Insights - wisdom and knowledge - are precious. Too often information is lacking context, or context is lacking information. News media is particularly guilty of this; most reports give scant weighting to the why over the what, and the event becomes mere spectacle.
Hans Rosling is a Swedish professor of global health. I stumbled across his presentations in the context of software tools, but found myself riveted by Rosling's ability to communicate on his subject matter - something he brings alive, even for those who may not have an immediate interest.
Those presentations, available on the website of the excellent organisation TED (devoted to "ideas worth spreading"), are every one of them worth watching: entertaining yet full of information and insight.
In the first presentation in the above series, Rosling's discussion revolves around four dimensions: time, health, wealth, and location (region/country). He gives his audience a good understanding of how the other three factors affect health outcomes, yet argues cogently for a more complex perspective on factors that affect health.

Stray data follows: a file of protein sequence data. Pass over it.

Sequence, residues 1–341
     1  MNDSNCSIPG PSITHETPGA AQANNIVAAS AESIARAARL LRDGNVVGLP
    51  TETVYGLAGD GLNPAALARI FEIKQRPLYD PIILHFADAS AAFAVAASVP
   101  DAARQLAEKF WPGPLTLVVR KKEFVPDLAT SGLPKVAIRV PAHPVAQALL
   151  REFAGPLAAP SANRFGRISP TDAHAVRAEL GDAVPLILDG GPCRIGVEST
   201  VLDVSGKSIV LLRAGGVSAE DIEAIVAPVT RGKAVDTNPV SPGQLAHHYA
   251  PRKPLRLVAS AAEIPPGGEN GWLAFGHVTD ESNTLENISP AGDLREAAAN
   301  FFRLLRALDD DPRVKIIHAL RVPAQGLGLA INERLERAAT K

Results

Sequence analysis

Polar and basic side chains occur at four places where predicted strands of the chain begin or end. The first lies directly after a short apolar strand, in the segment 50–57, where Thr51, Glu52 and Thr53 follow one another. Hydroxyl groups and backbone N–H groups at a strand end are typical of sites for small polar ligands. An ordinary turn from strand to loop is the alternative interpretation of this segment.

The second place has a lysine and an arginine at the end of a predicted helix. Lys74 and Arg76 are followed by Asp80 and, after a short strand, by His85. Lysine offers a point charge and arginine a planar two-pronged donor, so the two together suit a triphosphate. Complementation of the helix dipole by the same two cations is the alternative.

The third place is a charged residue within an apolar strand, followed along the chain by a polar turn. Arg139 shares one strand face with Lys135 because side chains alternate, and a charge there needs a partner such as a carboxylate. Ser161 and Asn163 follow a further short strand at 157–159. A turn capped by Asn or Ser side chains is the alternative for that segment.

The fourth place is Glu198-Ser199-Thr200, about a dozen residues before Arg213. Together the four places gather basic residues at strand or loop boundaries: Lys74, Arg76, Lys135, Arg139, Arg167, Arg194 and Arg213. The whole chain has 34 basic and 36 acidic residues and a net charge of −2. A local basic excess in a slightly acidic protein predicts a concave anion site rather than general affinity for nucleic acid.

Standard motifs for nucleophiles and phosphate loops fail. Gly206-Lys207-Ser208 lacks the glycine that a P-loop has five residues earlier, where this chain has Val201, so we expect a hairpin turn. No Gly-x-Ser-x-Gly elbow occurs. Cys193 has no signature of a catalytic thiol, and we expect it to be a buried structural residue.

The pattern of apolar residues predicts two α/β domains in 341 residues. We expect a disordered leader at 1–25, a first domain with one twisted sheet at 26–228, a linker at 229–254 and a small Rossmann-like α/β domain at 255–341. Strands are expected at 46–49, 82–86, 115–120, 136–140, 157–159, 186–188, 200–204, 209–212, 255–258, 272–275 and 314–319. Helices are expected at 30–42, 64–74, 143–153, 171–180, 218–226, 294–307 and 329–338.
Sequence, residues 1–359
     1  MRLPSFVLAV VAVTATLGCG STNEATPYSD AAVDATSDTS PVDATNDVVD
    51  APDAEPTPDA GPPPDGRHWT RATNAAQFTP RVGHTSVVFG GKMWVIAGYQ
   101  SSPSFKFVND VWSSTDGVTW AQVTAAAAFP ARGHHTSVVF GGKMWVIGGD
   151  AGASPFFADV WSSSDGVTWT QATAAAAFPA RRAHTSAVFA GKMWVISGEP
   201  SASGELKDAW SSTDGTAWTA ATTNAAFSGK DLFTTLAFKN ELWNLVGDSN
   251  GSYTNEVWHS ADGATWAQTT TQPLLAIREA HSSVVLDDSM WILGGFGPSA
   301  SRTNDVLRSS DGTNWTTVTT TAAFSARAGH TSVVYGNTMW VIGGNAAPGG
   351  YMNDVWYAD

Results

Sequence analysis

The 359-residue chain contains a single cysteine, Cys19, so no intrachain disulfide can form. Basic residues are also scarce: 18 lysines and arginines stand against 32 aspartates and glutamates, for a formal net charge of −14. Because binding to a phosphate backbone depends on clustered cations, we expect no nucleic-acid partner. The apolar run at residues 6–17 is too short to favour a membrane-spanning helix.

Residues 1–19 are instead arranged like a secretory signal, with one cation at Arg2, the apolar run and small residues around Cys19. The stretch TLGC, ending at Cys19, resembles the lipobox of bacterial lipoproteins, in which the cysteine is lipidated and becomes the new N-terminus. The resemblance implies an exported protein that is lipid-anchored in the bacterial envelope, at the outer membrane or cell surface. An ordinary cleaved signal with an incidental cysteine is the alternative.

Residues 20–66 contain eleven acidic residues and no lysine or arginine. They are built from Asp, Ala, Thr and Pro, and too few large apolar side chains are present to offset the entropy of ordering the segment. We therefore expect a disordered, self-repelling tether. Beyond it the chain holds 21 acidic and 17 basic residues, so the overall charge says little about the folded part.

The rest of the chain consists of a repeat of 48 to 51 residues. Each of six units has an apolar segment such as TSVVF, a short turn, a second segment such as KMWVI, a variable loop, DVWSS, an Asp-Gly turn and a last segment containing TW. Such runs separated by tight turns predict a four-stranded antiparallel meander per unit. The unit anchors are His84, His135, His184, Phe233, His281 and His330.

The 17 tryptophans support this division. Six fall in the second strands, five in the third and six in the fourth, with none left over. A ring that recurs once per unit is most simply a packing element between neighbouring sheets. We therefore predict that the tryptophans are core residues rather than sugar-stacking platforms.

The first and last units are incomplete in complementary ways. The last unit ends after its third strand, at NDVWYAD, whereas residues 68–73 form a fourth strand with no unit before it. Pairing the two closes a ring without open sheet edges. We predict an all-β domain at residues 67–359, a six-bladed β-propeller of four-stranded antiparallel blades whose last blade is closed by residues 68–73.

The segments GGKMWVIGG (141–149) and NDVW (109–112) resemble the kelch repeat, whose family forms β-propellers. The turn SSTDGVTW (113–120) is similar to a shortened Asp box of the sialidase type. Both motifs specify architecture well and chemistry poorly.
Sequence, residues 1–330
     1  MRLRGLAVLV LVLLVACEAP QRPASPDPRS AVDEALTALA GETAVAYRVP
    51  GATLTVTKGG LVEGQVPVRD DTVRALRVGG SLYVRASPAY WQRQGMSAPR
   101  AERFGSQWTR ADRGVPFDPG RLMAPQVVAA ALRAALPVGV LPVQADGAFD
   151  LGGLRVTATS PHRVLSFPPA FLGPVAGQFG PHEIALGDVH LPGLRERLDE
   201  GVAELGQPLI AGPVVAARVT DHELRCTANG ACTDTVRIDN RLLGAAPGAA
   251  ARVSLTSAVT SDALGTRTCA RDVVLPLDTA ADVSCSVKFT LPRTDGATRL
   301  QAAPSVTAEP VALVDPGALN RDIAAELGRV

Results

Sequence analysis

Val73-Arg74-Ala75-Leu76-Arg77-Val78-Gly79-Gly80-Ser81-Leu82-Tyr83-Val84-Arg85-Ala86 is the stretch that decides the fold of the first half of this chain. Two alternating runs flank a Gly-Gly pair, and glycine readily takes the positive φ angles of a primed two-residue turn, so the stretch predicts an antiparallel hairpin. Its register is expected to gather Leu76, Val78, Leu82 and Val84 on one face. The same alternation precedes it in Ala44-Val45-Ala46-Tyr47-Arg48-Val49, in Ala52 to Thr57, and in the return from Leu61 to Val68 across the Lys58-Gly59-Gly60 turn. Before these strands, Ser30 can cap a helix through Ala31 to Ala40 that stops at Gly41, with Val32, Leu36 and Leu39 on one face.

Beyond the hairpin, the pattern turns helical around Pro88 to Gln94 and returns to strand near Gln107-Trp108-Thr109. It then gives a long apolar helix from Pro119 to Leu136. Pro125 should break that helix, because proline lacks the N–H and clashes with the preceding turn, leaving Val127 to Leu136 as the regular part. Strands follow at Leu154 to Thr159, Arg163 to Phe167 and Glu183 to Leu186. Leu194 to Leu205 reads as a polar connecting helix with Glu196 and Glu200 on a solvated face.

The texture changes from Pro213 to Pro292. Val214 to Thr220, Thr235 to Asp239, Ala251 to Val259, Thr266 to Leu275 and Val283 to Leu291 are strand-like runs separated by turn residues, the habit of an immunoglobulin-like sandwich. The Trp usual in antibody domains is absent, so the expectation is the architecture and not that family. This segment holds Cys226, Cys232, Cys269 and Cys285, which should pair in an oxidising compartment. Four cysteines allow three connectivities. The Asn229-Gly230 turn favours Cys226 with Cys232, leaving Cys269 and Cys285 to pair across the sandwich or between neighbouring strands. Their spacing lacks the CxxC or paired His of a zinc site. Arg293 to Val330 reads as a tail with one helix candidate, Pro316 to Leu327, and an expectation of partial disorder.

His second presentation is briefer, but includes an impressive feat which might seem gratuitous, yet he does it with purpose: to illustrate his point on achieving better health outcomes that "the seemingly impossible is possible". I won't divulge the climax: something that has to be seen for itself.
Rosling is, first and foremost, a Subject Matter Expert. But crucially he is a very effective communicator. He presents with knowledge and clarity, in a way that engages the audience. Part of the 'wow' factor lies in the fluid use of the presentation software he uses, which leaves the world's Powerpoints for dead. And if you explore the links, you'll find out that that software was originally developed by Rosling's foundation, no doubt to achieve the sort of communication at which Rosling excels.